Is ductilization of intermetallics by nanostructure processing a possibility?
Abbreviated Journal Title
nanocrystalline materials; ductilization; strain rate sensitivity; fracture toughness; deformation homogeneity; DUCTILE FRACTURE-TOUGHNESS; GRAIN-SIZE; MECHANICAL-PROPERTIES; NANOCRYSTALLINE COPPER; DEFORMATION-BEHAVIOR; ROOM-TEMPERATURE; NANOPHASE TIO2; ALLOYS; CREEP; NANOINDENTATION; Materials Science, Multidisciplinary; Metallurgy & Metallurgical; Engineering
Nanocrystalline materials with a grain size of less than or equal to 100 nm are expected to be strong and hard and at the same time exhibit improved ductility/fabricability in comparison to their coarse-grained counterparts. Even though this has been shown to be possible in some nanocrystalline ceramic materials, there have been concerns on the validity of these results because of inadequate densification of the samples. It has also been suggested that achievement of nanostructures may not be desirable to ductilize the intermetallics. This article presents an overview of the fracture behavior of materials as a function of grain size, and shows that based on the observations that the strain-rate sensitivity and fracture toughness of nanostructured materials are higher than in their coarse-grained counterparts, achievement of nanocrystallinity in materials (including intermetallics) can lead to improved ductility and hence is a profitable route to investigate.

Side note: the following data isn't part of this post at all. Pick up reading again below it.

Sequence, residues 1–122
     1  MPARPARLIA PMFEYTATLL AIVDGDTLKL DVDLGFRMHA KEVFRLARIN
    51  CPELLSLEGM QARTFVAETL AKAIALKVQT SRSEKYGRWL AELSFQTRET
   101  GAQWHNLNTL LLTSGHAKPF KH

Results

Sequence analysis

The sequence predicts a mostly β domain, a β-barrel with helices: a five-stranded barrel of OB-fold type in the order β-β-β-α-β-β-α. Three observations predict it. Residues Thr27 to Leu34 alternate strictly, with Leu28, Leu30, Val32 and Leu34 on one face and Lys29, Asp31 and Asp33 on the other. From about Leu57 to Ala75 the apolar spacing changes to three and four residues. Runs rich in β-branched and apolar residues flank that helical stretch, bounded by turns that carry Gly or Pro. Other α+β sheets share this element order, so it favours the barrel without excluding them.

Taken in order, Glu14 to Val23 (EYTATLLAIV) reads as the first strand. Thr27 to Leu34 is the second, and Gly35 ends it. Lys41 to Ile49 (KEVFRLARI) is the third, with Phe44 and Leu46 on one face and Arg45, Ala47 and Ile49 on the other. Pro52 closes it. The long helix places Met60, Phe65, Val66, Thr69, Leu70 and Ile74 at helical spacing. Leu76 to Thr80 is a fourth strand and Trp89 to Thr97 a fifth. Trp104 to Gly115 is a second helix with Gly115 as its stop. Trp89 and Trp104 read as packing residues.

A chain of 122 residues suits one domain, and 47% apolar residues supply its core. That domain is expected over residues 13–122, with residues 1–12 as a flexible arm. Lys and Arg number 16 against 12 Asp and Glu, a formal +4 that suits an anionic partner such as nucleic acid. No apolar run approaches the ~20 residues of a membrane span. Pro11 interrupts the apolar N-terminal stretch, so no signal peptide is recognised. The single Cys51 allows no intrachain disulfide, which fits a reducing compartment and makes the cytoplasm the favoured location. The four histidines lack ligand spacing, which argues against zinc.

"Is ductilization of intermetallics by nanostructure processing a possibility?" (2001). Faculty Bibliography 2000s. 8034.